There is a common perception that when a government leaves office, unemployment is higher than when they entered. We look at historic data to see how accurate this claim is.
ILO unemployment and the claimant count
Based on the ILO definition of unemployment (the UK’s headline measure of unemployment), at each of the three changes of government since 1974, the unemployment rate was higher when the governing party left office than when they entered.
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However, the number of people claiming unemployment benefits was lower when Labour left office in 2010 then when it entered government in 1997 – which was not the case for ILO unemployment.
Why does the claimant count differ from the ILO measure?
The ILO measure is based on international guidelines for measuring unemployment and is the preferred measure in the UK. It is calculated from the Labour Force Survey, a quarterly survey of around 100,000 people. Individuals are counted as unemployed if they are out of work but (i) have been looking for work in the past four weeks and (ii) are available to start work in the next two weeks.
The claimant count on the other hand is purely an administrative count of the number of people claiming Jobseeker’s Allowance (JSA). There are many people (especially young people) who are defined as unemployed by the ILO measure but who do not claim JSA – for example, because they are ineligible or simply choose not to claim.
Trends since 1922
Figures for ILO unemployment only go back to 1971, but we can look further back in time using administrative data on people registered as unemployed (in fact various administrative sources can provide unemployment data back to 1881, discussed in depth in an ONS article). Looking at unemployment data over a long period does however raise issues of comparability and consistency.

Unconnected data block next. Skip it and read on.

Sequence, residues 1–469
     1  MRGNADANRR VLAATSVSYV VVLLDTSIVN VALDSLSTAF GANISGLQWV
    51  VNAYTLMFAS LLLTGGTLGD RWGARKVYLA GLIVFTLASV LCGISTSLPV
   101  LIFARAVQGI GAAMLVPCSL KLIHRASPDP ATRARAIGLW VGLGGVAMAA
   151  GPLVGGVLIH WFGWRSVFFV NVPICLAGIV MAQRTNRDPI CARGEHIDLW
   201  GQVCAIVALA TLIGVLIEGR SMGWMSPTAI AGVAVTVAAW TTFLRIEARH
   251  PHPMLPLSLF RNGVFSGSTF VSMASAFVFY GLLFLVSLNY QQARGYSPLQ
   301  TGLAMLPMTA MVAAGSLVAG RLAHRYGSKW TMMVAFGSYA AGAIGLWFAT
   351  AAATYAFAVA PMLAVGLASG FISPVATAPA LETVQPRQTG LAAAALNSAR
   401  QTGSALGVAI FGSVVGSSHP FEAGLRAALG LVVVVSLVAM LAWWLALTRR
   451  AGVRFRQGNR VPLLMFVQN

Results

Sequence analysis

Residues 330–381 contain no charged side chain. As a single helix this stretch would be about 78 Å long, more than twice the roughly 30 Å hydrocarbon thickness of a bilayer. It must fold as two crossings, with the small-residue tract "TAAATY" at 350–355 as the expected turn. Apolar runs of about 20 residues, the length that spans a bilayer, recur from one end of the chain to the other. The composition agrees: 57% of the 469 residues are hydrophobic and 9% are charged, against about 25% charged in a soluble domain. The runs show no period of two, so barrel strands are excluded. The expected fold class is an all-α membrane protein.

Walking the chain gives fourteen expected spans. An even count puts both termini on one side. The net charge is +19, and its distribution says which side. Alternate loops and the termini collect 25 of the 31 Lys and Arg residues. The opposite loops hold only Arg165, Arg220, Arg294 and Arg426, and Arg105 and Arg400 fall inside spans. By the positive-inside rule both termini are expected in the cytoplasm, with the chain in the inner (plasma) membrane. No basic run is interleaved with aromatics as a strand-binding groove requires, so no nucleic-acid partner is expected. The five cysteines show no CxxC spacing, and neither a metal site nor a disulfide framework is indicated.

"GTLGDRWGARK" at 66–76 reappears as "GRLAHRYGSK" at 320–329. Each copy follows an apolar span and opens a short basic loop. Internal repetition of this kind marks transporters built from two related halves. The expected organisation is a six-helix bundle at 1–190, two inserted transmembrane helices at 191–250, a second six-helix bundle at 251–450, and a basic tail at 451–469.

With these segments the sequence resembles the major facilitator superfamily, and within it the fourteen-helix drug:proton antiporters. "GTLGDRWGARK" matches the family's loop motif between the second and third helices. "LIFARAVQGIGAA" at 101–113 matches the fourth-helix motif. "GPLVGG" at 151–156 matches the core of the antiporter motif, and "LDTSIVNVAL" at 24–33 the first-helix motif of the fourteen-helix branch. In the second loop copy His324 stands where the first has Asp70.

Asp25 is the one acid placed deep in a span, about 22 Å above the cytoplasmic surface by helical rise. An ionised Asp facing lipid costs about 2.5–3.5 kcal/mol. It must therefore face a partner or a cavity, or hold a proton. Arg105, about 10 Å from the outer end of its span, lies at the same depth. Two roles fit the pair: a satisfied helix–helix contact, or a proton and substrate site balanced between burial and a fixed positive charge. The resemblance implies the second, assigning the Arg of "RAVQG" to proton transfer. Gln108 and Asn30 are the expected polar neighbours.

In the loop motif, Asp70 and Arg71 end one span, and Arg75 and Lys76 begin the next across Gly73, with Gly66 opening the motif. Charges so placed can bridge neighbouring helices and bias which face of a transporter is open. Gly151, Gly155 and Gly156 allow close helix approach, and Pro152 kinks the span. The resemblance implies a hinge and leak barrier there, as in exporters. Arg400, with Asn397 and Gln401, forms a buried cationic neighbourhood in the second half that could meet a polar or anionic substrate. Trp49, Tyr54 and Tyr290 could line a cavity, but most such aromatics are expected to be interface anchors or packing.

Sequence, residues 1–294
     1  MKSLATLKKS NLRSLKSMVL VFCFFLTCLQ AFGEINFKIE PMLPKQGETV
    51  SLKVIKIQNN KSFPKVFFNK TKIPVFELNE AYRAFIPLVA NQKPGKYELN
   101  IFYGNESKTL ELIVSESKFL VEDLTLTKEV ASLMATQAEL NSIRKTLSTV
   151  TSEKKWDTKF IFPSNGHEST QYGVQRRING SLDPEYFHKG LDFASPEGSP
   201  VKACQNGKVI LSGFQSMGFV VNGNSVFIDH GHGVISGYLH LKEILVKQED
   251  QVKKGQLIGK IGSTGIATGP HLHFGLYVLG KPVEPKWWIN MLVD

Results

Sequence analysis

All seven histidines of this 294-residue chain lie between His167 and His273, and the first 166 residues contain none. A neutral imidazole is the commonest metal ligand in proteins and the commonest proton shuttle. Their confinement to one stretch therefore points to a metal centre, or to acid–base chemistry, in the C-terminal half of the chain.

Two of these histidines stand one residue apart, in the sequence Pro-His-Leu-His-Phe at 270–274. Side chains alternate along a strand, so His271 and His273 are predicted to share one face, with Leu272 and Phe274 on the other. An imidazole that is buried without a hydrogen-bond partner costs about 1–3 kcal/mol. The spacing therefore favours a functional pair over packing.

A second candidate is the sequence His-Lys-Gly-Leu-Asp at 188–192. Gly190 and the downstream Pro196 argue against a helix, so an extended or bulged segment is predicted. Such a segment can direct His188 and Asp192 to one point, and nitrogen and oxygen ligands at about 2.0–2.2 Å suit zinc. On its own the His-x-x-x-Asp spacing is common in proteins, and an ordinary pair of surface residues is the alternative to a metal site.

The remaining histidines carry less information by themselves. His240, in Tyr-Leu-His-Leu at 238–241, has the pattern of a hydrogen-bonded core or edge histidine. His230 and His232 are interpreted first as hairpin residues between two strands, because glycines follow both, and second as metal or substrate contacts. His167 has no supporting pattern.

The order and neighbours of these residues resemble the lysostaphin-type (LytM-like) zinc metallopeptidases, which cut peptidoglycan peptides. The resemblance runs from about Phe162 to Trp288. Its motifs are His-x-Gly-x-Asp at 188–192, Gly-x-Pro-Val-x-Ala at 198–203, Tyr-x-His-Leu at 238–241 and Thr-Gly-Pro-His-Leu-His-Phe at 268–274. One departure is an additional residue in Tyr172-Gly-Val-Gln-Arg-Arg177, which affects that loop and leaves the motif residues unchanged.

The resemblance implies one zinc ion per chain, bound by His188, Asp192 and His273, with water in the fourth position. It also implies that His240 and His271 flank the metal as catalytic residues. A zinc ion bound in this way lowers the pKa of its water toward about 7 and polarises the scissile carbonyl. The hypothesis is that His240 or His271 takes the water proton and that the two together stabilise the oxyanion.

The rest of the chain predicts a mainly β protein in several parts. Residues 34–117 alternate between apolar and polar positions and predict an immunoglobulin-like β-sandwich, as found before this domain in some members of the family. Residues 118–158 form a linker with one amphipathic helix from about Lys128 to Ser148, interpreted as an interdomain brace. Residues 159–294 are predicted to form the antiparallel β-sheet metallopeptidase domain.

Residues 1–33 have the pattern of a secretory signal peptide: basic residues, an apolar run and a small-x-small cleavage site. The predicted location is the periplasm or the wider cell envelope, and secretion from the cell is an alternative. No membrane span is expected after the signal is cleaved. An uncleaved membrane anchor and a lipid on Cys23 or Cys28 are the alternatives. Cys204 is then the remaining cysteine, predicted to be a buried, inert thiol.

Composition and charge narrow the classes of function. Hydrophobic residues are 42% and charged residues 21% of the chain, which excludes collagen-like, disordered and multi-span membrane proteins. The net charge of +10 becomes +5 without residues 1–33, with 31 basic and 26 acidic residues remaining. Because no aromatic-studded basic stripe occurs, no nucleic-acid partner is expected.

Data up to 1948 is based on the number of people who had signed the register at the employment exchange on the day of the count or were known not to have found work since the last signing day. Both insured (those who were covered by the National Insurance Acts of that period) and uninsured people signed the register but the “unemployment rate” was calculated using only the insured unemployed. The rate shows the number of insured unemployed people as a percentage of the total number of insured people.
The coverage of unemployment insurance widened progressively during the 1920s and 1930s. Universal insurance was introduced with the National Insurance Act 1948.
A second dataset covers 1948 to 1974. During this period, registration was a precondition for claiming benefits. Rates for this period show the number of registered unemployed as a percentage of the number of registered unemployed plus the number of employees.
The current claimant count figures have been re-worked for the period from 1971 onwards to complete the chart below:
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The Conservative Governments of 1922-24 and 1937-39 both left office with the “unemployment rate” lower than when they entered. When they left office in January 1924 unemployment had fallen by 0.7 percentage points to 11.9% and in 1939 it had fallen 2.8 percentage points to 7.9%.
The National Government of 1924-1929 saw the rate fall by 1.2 percentage points to 9.6% while under the 1931-37 National Government the rate fell from 21.9% to 10.7%.
A minority Labour Government came to power in December 1923 and when they left Government in October 1924, the rate had decreased from 11.9% to 10.9%. And as mentioned above, when Labour left office in 2010 the claimant count rate was 4.4% compared to 5.4% in 1997, even though unemployment was higher in 2010 on the ILO measure.
The unemployment rate spiked in the year following the end of the Second World War but then fell sharply. This can be attributed to soldiers returning to the UK following the war and being discharged by the armed services.
So is it true that Governments leave office with an unemployment rate that is higher than the one they inherited?
In recent decades – yes; for all Governments since 1974 the ILO unemployment rate has been higher when they have left office than when they entered (although the claimant count was lower in 2010 than in 1997).
But looking further back, the administrative data suggests that during the inter-war years some Governments did leave office with unemployment lower than when they entered.
Author: Aliyah Dar